Trump win predictable, but not to pollsters
When people tell me that Donald Trump’s election as the nation’s 45th president shocked them, I reply that they must not be paying attention to what goes on around them.
The nation is a mess — the economy is in the doldrums, most of the few available jobs are part-time and low-paying, the infrastructure is crumbling, the massive $20 trillion national debt is getting bigger, the $531 billion trade deficit is poised to go higher — and these are merely the most glaring problems that have festered under President Obama.
And since Democratic candidate, former First Lady, former New York senator, and former Secretary of State Hillary Clinton is inexorably associated with Obama, she started out with two strikes against her, even though the mainstream media led Americans to believe she was a lead pipe cinch to be elected.
Clinton’s third strike came in multiple forms — her personal server, deleted e-mails, lies she told to Congress, to the FBI and to the public in her campaign ads did her in. Fed up voters distrusted the political status quo that Clinton is an ingrained part of.
But Trump deserves credit for aggressively campaigning on an issue that has resonated with Americans for years. That is, enforcing immigration laws, and developing immigration levels that work for instead of against citizens.
Clinton has a diametrically different view about immigration than Trump. She’s on record as favoring open borders, vastly expanded refugee resettlement, and a path to citizenship for illegal aliens.
For more than five decades, American voters have urged federal and state candidates to formulate sustainable immigration policies.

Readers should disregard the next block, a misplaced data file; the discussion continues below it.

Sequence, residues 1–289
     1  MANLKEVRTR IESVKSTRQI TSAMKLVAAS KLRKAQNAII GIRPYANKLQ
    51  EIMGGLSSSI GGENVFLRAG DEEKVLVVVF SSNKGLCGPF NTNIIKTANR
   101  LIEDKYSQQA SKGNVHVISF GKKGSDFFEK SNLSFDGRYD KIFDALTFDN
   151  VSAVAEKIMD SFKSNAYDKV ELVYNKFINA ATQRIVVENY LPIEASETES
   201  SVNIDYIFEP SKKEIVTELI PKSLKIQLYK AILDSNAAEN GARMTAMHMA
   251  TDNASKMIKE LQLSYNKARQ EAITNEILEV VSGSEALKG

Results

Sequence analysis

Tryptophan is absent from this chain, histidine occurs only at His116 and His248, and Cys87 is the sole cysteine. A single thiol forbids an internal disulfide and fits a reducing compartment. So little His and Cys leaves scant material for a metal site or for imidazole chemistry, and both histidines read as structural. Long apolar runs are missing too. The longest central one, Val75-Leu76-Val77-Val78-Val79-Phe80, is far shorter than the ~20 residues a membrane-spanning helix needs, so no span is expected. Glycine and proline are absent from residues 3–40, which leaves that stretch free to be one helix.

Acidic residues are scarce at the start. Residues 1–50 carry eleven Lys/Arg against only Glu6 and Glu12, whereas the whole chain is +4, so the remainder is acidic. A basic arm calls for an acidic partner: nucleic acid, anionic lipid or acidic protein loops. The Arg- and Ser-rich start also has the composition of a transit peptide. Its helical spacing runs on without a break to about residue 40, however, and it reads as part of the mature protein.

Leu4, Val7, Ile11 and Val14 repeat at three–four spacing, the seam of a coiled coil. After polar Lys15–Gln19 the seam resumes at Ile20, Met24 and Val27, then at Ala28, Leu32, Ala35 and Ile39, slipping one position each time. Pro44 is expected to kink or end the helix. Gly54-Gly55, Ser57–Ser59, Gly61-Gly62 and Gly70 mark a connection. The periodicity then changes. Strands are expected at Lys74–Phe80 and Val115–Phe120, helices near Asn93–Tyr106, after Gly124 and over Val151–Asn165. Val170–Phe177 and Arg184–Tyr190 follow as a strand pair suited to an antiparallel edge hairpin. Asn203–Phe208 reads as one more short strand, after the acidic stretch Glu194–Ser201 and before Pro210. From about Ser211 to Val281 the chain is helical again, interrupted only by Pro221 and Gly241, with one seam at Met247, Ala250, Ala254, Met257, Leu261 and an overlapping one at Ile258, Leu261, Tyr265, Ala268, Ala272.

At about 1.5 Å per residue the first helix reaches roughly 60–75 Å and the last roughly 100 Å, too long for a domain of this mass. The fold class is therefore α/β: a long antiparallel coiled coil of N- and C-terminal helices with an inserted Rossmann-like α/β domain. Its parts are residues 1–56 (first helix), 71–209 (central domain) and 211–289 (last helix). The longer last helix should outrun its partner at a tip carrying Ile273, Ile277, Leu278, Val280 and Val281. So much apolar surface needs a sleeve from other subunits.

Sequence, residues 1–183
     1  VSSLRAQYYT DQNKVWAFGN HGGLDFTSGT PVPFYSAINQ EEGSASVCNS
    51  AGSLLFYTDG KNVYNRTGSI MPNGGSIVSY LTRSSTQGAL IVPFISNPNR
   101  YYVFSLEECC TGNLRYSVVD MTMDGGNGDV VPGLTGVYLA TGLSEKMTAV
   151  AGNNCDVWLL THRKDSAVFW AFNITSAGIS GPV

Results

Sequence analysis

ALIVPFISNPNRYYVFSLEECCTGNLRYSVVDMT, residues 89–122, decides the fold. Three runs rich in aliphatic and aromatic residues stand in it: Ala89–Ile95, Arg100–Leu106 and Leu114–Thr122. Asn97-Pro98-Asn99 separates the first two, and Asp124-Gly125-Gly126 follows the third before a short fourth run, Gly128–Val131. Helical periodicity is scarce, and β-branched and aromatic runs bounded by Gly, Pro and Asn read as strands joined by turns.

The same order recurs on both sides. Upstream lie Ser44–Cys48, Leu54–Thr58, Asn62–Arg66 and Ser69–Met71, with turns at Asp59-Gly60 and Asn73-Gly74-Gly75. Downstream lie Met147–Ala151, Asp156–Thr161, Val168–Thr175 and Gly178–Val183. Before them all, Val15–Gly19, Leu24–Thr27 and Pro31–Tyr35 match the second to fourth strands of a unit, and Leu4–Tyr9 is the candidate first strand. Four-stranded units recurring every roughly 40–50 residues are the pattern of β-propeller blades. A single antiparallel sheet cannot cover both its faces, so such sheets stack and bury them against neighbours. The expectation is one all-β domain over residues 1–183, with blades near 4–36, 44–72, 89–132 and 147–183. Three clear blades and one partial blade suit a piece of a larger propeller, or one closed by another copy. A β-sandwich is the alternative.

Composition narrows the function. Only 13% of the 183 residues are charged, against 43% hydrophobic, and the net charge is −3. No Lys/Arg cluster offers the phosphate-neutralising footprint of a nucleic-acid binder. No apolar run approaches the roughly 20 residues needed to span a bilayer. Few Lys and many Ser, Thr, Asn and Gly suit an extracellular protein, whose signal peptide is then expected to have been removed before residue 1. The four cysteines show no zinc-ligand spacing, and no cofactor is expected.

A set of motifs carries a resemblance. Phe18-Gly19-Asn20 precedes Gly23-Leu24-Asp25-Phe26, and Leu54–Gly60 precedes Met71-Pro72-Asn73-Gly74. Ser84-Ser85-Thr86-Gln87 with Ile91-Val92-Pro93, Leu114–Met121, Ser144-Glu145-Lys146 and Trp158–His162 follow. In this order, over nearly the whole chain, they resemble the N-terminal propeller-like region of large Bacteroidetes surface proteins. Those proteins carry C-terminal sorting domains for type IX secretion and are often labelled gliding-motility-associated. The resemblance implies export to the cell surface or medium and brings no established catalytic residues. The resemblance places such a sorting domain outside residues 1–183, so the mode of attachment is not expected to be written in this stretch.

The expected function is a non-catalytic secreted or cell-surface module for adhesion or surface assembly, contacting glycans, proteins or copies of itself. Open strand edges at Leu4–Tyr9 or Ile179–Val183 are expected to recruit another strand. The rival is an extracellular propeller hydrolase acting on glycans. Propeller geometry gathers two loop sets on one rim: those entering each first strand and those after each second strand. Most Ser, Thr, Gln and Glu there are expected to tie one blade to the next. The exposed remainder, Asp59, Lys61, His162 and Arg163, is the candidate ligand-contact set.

And for each of those 50 years, voters have been rebuffed with empty, unfulfilled candidates’ promises that, if elected, the border will be secured.
Gallup polls have shown for decades that a substantial portion of the public, often large majorities, favor reduced immigration. In 1965, Gallup first asked the question: “Should immigration be kept at its present level, increased or decreased?”
Yet both the Republican and Democratic parties ignored the public’s desire for less immigration, but for different reasons.
The GOP’s Chamber of Commerce wing has relentlessly pushed for more guest worker visas and the cheap laborers to whom they’re are issued.
Democrats, on the other hand, have aligned themselves with illegal immigrants, possibly envisioning them as future voters.
New York Times’ David Brooks recently wrote that the federal government has asked a lot of suffering Americans to accept “extremely, radically high immigration levels.” Brooks wrote his op-ed before the election, but under-skilled, non-college graduate voters turned out in big numbers to vote for Trump.
Then, on Election Day, the Los Angeles Times interviewed Trump voter and Cuban immigrant Helen Hernandez who expressed her opinion that many Americans share.
Hernandez said that immigration “has gotten out of hand,” and that “...Everybody can come. It’s too much. There has to be some kind of restrictions, even for us, for Cubans, for everybody.”
Hernandez sees what Presidents Bush 41, Clinton, Bush 43, and Obama didn’t — that too much immigration is bad for everyone especially the most recently arrived immigrants.
In 2008, and again in 2012, Americans voted for change, but got Obama’s version which they hadn’t bargained for.
Consequently, in the Mahoning Valley between Ohio and Pennsylvania, an energized voter erected a homemade sign with a message directed to the elites and that summed up Trump’s victory: “You had your chance. It’s our turn now.”
Joe Guzzardi is a Californians for Population Stabilization Senior Writing Fellow whose columns have been syndicated since 1987. Contact him at [email protected].